If you go sneaking and all tension evaporates, you may rejoin the scene by slinking out of the shadows. This does not cost HP.
Quest: You must make an oath of service to a lord from your realm and hold them as your liege.
Boon: You gain 1d8 additional HP.
Quest: You must make an appropriate sacrifice to Green Gods at the Tree of Faces inside the Myrkvith Forest. The Tree of Faces hungers for many strange things, but nothing more than the decapitated heads of orcs, who despoil trees. Thereafter, you may not carry works of iron.
Boon: When you apply one of the nine sacred herbs for healing, your ministrations heal 1d4+1 points of damage (instead of 1).
Quest: You must slay a monster and present its head to the Folkmoot. If they accept your offering, they will dub you a Knight Errant.
You may not be a member of two orders of knighthood at the same time.
Boon: If you have not told a lie since the last new moon, you may ask “Is what they just said true?” in response to any statement from an NPC. The GM will answer you honestly. You may do this once per day.
Knight of the Green
Quest: If you drop to exactly 0 HP and recover, you may thank the Green Gods for their blessing and dedicate yourself to their cause.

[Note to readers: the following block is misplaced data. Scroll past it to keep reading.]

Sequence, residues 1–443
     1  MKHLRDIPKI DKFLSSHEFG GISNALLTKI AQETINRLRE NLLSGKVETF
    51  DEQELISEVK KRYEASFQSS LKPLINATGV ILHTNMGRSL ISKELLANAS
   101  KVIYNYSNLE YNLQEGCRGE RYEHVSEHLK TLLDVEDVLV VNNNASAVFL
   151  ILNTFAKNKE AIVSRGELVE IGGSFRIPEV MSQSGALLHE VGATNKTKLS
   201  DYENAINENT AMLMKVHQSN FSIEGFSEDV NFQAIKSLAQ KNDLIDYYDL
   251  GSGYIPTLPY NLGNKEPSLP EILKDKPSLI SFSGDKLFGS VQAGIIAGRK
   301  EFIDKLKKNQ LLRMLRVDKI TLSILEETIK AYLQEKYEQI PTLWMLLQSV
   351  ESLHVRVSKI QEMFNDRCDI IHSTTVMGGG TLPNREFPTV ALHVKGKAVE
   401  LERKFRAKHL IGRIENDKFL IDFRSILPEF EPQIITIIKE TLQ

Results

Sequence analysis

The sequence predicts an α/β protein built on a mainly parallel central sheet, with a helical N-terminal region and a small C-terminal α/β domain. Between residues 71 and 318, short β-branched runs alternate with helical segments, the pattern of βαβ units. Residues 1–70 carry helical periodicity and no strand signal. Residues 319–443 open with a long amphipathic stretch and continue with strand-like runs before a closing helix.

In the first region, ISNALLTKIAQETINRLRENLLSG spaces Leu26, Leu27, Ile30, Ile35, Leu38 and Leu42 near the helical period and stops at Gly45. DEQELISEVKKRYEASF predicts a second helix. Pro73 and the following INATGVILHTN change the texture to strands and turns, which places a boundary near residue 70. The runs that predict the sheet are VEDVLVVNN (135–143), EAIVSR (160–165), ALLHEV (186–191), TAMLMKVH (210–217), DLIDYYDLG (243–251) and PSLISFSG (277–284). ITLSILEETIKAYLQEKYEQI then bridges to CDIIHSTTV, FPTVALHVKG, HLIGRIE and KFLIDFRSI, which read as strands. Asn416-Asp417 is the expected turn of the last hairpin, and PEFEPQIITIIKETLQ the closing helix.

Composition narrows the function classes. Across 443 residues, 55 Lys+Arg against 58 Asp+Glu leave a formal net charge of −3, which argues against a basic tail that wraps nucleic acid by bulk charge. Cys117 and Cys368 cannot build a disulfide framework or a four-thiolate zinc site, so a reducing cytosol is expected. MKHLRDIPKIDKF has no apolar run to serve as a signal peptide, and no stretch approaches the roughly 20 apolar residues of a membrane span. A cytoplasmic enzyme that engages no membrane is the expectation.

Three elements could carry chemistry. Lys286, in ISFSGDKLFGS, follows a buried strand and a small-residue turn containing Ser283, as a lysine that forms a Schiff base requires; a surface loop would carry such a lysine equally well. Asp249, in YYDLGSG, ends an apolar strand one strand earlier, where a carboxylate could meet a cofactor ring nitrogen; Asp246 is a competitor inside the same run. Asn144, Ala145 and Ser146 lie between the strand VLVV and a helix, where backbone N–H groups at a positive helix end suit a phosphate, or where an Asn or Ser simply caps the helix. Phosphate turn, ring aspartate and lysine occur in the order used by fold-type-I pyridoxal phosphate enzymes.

You may not be a member of two orders of knighthood at the same time. You may not worship two pantheons at the same time.
Boon: You (and everyone you are with) may travel through forest hexes as if they had a road.
Quest: If you find an ancient book of lore, the GM presents you with a sudoku puzzle with runes instead of numbers. You must solve this puzzle out of character.
Boon: You may now spend a dungeon turn to read any runes you encounter.
Quest: Write an in-character field journal documenting 15 hexes
Boon: You may use a Camp Action to scout nearby. You investigate a specific location in your hex or an adjacent one. Thereafter, you may ask the GM three specific yes or no questions about something you’d know having infiltrated that location, e.g., “Is this door trapped?” “Is this room guarded?” “Is the wizard’s bedroom on this level?” “Do the bandits have bows?” “Were the orcs green-skinned?”